Wednesday, 14 February 2007

When does the game start?

One can't help but ask the question 'what constitutes a game?' Are there elements that need to be included for an activity to constitute a game? Does it have to involve skill? Luck? Be rule-based? Include competition? Wittgenstein (in Tilgham, 1973) argued that games don't have to share all these features but can simply involve a degree of overlapping characteristics. He argues that a game can be viewed as something more akin to family resemblances than following a hard and fast formula. B Tilgham (1973) points out that the word game itself is not taught through the learning of strict criteria but by providing various examples of what a game is. Interestingly, Tilgham notes similarities in the abstract categorisation of the word 'game' to the word 'art'.

Here is one of the more recent questions that have arisen 'Are games art?' Lets us take an example of a 'game' that crosses these boundaries. Samorost and its recent sequel, Samorost2, were created by Jakub Dvorsky, a Czech graduate of Arts, Architecture and Design (Adventure Gamer, 2005). The play is minimalistic style point and click in the vein of early 90s games such as Myst. It is clear that almost all of the time has been spent on creating the artwork with only a small proportion on gameplay. As such it has more of the feeling of moving through interactive art. Does it have the characteristics of a game? There is no competition, very little skill is needed, no luck as all 'baddies' are automatically avoided but it is certainly enjoyable and does require interaction. One thing is certain, Samorost does highlight the ambiguity of the notion of game that was highlighted by Wittgenstien.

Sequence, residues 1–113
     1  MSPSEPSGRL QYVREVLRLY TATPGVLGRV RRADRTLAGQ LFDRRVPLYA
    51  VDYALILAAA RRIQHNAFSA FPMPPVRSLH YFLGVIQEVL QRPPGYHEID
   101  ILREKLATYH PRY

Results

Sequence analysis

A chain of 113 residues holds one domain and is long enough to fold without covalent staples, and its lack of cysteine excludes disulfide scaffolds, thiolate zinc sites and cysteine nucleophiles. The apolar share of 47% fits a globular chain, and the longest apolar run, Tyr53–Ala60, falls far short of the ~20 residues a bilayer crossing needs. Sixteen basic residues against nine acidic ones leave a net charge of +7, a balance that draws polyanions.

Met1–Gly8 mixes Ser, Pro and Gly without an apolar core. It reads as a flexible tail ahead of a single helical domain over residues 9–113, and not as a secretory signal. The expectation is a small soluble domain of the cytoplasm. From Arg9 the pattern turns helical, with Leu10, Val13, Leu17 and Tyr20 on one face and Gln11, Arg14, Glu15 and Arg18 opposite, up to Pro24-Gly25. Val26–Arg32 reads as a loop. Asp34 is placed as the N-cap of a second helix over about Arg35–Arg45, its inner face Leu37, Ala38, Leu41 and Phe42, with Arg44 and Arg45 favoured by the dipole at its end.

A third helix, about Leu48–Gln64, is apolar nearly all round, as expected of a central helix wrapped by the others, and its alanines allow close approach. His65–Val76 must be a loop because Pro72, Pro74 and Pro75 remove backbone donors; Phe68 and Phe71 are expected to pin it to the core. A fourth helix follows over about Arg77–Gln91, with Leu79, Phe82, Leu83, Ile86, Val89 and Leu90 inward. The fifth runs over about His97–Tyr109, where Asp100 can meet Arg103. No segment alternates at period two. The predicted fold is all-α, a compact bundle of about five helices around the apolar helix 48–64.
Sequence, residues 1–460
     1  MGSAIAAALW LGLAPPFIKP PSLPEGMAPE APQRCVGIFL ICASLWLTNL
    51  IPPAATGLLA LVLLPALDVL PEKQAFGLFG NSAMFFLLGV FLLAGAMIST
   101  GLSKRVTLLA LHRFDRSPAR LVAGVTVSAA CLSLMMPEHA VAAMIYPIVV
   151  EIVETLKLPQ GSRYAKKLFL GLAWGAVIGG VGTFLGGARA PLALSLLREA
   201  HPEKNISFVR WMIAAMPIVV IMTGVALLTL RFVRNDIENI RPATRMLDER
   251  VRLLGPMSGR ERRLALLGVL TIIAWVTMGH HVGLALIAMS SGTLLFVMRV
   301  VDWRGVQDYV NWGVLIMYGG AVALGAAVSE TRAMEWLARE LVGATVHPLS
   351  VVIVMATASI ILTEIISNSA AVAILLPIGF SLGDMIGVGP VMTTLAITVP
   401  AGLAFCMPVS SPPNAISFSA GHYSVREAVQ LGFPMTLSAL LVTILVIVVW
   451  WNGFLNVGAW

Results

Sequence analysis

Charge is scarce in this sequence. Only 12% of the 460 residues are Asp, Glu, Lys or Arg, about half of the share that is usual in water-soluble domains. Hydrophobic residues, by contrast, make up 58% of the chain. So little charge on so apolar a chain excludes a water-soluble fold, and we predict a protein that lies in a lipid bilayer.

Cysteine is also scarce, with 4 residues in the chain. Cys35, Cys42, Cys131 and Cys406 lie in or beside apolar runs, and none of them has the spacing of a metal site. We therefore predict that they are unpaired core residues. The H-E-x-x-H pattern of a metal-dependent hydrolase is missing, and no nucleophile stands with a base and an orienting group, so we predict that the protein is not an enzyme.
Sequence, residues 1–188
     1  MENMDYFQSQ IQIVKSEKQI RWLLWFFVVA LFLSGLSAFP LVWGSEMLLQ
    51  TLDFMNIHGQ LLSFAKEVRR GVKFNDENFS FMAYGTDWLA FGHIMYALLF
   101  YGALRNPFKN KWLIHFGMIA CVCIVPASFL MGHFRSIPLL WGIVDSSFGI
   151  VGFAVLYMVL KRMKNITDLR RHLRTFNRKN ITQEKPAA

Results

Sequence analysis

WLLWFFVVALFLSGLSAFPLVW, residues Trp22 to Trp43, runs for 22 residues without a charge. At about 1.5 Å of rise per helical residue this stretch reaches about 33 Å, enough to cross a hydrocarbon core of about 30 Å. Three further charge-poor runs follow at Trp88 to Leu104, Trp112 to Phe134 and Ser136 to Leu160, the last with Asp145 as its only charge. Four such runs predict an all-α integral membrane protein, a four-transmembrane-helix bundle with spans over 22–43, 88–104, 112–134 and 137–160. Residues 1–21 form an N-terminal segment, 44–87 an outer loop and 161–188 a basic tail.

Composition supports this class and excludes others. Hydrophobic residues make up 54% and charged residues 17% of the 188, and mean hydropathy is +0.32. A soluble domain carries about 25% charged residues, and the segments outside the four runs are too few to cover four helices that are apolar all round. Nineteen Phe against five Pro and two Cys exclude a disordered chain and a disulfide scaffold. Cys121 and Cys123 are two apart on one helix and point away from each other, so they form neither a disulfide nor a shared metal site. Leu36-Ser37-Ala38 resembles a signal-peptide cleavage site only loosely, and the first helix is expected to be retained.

Bibliography,593/ - Retrieved 28/2/07

Wittgenstein, Games, and Art
B. R. Tilghman
The Journal of Aesthetics and Art Criticism, Vol. 31, No. 4. (Summer, 1973), pp. 517-524.
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Further Reading

Playing Games with Wittgenstein (in Commentary)
John M. Ellis
New Literary History, Vol. 19, No. 2, Wittgenstein and Literary Theory. (Winter, 1988), pp. 301-308.
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